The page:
4. 4. 4 Cal. 2012).3 An immigrant whose special immigrant visa petition has been approved is then eligible, if other conditions are met, for adjustment of status to United States permanent resident. 8 U.S.C. § 1255; 8 C.F.R. § 245.2(a)(2)(i)(B). In Alencar’s case, the Church asserted that Alencar qualified for “special immigrant” status under 8 U.S.C. § 1101(a)(27)(C) (the “Statute”), which provides that certain religious workers can qualify as special immigrants. Under that provision, the term “special immigrant” includes: (C) an immigrant, and the immigrant’s spouse and children if accompanying or following to join the immigrant, who– (i) for at least 2 years immediately preceding the time of application for admission, has been a member of a religious denomination having a bona fide nonprofit, religious organization in the United States; (ii) seeks to enter the United States— (I) solely for the purpose of carrying on the vocation of a minister of that religious denomination, (II) before September 30, 2015, in order to work for the organization at the request of the organization in a professional capacity in a religious vocation or occupation, or 3 8 U.S.C. § 1153(b)(4) authorizes the issuance of visas to “special immigrants.” 8 U.S.C. § 1154(a)(1)(G)(i) authorizes the filing of petitions to be classified as a “special immigrant.” 8 CFR § 204.5(a) sets out Form I-360 as the appropriate petition for classification as a special immigrant religious worker.
  5. 5. 5 (III) before September 30, 2015, in order to work for the organization (or for a bona fide organization which is affiliated with the religious denomination and is exempt from taxation as an organization described in section 501(c)(3) of Title 26) at the request of the organization in a religious vocation or occupation; and (iii) has been carrying on such vocation, professional work, or other work continuously for at least the 2- year period described in clause (i). The United States Department of Homeland Security has promulgated an additional regulatory requirement (the “Regulation”) for the religious worker special immigrant visa petition that is relevant here – that any qualifying religious work performed in the United States must be performed under lawful immigration status in the United States. 8 C.F.R. § 204.5(m)(4)(listing, as one of the qualifications for approval of special immigrant religious worker visa petition, that any work performed in the United States be performed “in lawful immigration status in the United Sates”). In support of the petition, the Church submitted evidence that the Pentecostal Church was a bona fide, non-profit religious organization and that Alencar had been employed by the Church for over two years prior to the application. Compl., ¶ 31. However, the Pentecostal Church admitted in the I-360 Petition, as it does in its Complaint here, that Alencar was not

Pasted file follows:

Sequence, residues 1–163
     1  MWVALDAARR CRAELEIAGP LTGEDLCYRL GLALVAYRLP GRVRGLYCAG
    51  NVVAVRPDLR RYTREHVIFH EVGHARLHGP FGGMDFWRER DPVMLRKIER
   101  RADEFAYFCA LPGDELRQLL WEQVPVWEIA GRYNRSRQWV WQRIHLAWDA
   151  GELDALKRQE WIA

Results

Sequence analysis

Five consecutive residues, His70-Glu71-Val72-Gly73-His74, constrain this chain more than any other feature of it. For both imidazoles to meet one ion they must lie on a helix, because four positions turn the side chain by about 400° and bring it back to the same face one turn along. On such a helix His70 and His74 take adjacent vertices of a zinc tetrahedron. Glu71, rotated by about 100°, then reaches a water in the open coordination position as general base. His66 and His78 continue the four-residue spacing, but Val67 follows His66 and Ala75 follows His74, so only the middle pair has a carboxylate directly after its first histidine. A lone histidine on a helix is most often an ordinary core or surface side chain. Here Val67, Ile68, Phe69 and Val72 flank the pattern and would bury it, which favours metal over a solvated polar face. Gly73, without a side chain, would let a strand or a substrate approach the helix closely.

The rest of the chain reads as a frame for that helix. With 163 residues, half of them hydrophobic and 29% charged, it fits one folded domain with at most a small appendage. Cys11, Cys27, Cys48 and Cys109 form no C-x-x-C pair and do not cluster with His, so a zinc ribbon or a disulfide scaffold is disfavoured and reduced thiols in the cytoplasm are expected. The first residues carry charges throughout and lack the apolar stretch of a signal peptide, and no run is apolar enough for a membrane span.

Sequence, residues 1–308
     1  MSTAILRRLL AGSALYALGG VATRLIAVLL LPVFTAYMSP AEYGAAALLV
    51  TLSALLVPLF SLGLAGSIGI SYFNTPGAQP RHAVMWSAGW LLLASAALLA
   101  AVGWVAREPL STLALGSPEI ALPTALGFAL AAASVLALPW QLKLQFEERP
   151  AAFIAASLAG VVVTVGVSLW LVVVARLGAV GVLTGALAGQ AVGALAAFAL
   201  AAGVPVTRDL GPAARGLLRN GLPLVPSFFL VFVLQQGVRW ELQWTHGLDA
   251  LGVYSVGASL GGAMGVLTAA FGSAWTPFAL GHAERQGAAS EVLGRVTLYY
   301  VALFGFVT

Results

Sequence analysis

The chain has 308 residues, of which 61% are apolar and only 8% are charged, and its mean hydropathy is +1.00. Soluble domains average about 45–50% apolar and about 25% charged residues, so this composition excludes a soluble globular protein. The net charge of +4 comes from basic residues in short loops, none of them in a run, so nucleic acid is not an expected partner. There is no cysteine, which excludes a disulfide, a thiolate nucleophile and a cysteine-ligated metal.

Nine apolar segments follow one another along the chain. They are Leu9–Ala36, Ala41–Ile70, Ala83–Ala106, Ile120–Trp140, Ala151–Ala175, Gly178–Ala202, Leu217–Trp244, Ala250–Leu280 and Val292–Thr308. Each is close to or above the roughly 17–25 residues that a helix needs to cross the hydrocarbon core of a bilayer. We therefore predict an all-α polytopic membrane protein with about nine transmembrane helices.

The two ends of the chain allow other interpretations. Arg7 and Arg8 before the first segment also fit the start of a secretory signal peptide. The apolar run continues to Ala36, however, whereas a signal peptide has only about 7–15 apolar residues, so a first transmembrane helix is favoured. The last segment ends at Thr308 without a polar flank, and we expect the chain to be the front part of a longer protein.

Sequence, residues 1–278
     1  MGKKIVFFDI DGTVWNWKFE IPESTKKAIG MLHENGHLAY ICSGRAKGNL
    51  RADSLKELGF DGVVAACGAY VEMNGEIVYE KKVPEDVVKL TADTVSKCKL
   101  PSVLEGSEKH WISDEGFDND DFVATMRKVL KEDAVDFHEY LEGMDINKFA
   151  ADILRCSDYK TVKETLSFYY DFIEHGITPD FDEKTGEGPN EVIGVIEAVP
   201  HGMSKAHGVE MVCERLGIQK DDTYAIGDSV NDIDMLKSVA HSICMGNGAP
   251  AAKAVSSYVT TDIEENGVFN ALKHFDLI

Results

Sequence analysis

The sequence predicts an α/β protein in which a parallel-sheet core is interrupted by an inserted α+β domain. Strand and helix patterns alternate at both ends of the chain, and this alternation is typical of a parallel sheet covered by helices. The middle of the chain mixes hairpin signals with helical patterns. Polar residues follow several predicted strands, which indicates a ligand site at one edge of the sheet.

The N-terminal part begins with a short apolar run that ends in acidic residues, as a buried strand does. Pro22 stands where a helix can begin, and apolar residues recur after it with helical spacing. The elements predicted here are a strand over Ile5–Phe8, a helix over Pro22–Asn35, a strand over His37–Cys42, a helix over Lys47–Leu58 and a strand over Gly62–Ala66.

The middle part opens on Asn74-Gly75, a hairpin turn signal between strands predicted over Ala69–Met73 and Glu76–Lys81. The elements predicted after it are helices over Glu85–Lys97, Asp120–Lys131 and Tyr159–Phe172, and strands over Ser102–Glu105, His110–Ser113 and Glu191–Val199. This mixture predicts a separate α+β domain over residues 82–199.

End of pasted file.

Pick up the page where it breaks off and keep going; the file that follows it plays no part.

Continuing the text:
6. 6. 6 in lawful immigration status, nor authorized to engage in employment within the United States. Compl., ¶ 31; Compl., Ex. 1. On July 8, 2009, the USCIS denied Plaintiff’s I-360 Petition because Alencar had not performed qualifying full-time work in lawful immigration status. Compl., ¶ 32. On March 17, 2010, the USCIS Administrative Appeals Office dismissed the appeal taken by the Pentecostal Church, upholding the denial of the petition because Alencar was not in lawful status while working for the Pentecostal Church as required by the Regulation. Compl., ¶ 33. C. Plaintiffs File This Action On August 3, 2011 Plaintiffs filed a Complaint in this Court. Plaintiffs claim that the denial of the I-360 petition was improper because the Regulation, which was the basis for the denial, is itself illegal for three separate reasons: (1) because it an ultra vires regulation that contravenes the Statute, 8 U.S.C. § 1101(a)(27)(C) (Compl., ¶ 36); (2) that the Regulation violates the Religious Freedom Restoration Act (“RFRA”) (Compl., ¶ 37); and (3) that the Regulation violates the First Amendment and the Equal Protection Clause of the United States Constitution (Compl., ¶ 38). Plaintiffs claim